History of King Richard the Second of England - Jacob Abbott - ebook

History of King Richard the Second of England ebook

Jacob Abbott



This book covers the whole history of England after the death of Richard 1. Great emphasis is placed on the coming to power of Richard 2. His overthrow and death are also described in detail by the author. Jacob Abbott offers a more complete picture as is possible, within such limits, of the ideas and principles, the manners and customs.

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King Richard the Second lived in the days when the chivalry of feudal times was in all its glory. His father, the Black Prince; his uncles, the sons of Edward the Third, and his ancestors in a long line, extending back to the days of Richard the First, were among the most illustrious knights of Europe in those days, and their history abounds in the wonderful exploits, the narrow escapes, and the romantic adventures, for which the knights errant of the Middle Ages were so renowned. This volume takes up the story of English history at the death of Richard the First, and continues it to the time of the deposition and death of Richard the Second, with a view of presenting as complete a picture as is possible, within such limits, of the ideas and principles, the manners and customs, and the extraordinary military undertakings and exploits of that wonderful age.


Three Richards.–Richard the Crusader.–King John.–Character of the kings and nobles of those days.–Origin and nature of their power.–Natural rights of man in respect to the fruits of the earth.–Beneficial results of royal rule.–The power of kings and nobles was restricted.–Disputes about the right of succession.–Case of young Arthur.–The King of France becomes his ally.–Map showing the situation of Normandy.–Arthur is defeated and made prisoner.–John attempts to induce Arthur to abdicate.–Account of the assassination of Arthur.–Various accounts of the mode of Arthur’s death.–Uncertainty in respect to these stories.–League formed against him by his barons.–Portrait of King John.–Magna Charta.–Runny Mead.–The agreement afterward repudiated.–New wars.–New ratifications of Magna Charta.–Cruelties and oppressions practiced upon the Jews.–Extract from the old chronicles.–Absurd accusations.–The story of the crucified child.–John Lexinton.–Confessions extorted by torture.–Injustice and cruelty of the practice.–Anecdotes of the nobles and the king.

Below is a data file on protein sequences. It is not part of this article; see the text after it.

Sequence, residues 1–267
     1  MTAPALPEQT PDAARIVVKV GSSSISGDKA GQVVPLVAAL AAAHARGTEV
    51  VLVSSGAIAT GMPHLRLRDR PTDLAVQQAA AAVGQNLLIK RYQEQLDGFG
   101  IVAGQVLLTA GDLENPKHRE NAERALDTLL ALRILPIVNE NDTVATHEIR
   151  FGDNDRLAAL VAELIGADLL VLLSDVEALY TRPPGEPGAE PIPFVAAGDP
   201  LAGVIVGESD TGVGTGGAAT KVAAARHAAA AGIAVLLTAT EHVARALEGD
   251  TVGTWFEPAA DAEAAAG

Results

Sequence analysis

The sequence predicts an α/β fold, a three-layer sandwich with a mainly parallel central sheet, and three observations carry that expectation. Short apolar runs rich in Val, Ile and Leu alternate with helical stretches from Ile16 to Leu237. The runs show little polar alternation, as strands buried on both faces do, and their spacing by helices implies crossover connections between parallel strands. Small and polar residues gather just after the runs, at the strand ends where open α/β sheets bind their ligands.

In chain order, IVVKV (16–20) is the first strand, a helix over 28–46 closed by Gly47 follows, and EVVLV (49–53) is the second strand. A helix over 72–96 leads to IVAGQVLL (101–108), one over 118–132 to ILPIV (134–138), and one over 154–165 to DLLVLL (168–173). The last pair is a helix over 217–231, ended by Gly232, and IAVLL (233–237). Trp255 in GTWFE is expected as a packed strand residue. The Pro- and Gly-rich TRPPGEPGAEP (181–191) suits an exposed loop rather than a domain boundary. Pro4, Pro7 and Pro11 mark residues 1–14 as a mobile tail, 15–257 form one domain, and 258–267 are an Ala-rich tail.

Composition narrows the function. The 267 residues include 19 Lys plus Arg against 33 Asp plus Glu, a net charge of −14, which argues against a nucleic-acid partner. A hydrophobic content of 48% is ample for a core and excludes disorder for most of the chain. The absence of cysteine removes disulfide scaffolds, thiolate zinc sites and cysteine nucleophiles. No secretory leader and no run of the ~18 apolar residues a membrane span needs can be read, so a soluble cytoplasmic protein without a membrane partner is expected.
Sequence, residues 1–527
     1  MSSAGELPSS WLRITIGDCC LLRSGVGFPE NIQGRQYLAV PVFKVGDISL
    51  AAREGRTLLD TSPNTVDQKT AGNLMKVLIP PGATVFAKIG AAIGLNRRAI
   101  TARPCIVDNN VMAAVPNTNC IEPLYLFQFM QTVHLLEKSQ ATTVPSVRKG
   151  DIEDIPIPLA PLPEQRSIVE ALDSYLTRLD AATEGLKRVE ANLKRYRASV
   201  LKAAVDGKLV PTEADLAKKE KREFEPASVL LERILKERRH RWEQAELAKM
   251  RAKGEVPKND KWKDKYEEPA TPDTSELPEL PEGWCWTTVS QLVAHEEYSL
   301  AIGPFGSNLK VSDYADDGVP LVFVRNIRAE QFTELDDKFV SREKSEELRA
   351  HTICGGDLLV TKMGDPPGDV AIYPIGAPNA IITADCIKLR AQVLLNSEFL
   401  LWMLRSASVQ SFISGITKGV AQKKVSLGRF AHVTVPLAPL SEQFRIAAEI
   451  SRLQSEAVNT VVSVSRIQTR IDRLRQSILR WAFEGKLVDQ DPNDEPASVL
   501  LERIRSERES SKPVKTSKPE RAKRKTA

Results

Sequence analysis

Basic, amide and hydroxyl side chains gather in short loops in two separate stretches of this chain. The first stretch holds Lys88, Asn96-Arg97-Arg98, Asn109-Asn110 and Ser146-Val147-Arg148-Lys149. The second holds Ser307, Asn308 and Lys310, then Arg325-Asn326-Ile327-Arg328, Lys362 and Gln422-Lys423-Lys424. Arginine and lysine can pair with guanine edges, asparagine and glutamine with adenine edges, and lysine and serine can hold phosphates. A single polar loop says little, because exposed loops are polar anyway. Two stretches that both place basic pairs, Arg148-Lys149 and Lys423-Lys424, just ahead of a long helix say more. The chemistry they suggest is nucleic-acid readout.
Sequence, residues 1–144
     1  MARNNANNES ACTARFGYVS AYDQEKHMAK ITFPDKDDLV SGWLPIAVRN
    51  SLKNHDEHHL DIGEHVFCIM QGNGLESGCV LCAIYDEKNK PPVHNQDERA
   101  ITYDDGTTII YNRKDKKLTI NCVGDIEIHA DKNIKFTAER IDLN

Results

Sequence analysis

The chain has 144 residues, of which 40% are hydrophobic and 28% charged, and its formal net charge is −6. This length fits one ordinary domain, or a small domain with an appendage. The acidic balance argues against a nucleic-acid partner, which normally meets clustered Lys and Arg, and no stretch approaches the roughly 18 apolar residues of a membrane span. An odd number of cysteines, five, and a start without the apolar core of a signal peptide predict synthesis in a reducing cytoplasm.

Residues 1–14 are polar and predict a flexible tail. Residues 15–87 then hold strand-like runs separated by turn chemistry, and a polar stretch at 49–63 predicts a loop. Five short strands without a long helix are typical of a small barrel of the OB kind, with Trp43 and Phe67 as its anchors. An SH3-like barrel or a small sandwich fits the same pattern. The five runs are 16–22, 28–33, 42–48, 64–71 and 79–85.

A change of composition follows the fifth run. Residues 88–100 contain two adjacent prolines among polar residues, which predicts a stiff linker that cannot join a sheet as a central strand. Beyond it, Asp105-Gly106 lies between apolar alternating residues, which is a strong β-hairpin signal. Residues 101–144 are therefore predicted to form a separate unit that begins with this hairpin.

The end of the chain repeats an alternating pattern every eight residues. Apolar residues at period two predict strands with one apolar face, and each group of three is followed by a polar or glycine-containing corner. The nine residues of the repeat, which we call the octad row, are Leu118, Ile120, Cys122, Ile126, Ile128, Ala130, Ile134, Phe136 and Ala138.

THERE have been three monarchs of the name of Richard upon the English throne.

Richard I. is known and celebrated in history as Richard the Crusader. He was the sovereign ruler not only of England, but of all the Norman part of France, and from both of his dominions he raised a vast army, and went with it to the Holy Land, where he fought many years against the Saracens with a view of rescuing Jerusalem and the other holy places there from the dominion of unbelievers. He met with a great many remarkable adventures in going to the Holy Land, and with still more remarkable ones on his return home, all of which are fully related in the volume of this series entitled King Richard I.

Richard II. did not succeed Richard I. immediately. Several reigns intervened. The monarch who immediately succeeded Richard I. was John. John was Richard’s brother, and had been left in command, in England, as regent, during the king’s absence in the Holy Land.

After John came Henry III. and the three Edwards; and when the third Edward died, his son Richard II. was heir to the throne. He was, however, too young at that time to reign, for he was only ten years old.

The kings in these days were wild and turbulent men, always engaged in wars with each other and with their nobles, while all the industrial classes were greatly depressed. The nobles lived in strong castles in various places about the country, and owned, or claimed to own, very large estates, which the laboring men were compelled to cultivate for them. Some of these castles still remain in a habitable state, but most of them are now in ruins–and very curious objects the ruins are to see.

The kings held their kingdoms very much as the nobles did their estates–they considered them theirs by right. And the people generally thought so too. The king had a right, as they imagined, to live in luxury and splendor, and to lord it over the country, and compel the mass of the people to pay him nearly all their earnings in rent and taxes, and to raise armies, whenever he commanded them, to go and fight for him in his quarrels with his neighbors, because his father had done these things before him. And what right had his father to do these things? Why, because his father had done them before him. Very well; but to go back to the beginning. What right had the first man to assume this power, and how did he get possession of it? This was a question that nobody could answer, for nobody knew then, and nobody knows now, who were the original founders of these noble families, or by what means they first came into power. People did not know how to read and write in the days when kings first began to reign, and so no records ere made, and no accounts kept of public transactions; and when at length the countries of Europe in the Middle Ages began to emerge somewhat into the light of civilization, these royal and noble families were found every where established. The whole territory of Europe was divided into a great number of kingdoms, principalities, dukedoms, and other such sovereignties, over each of which some ancient family was established in supreme and almost despotic power. Nobody knew how they originally came by their power.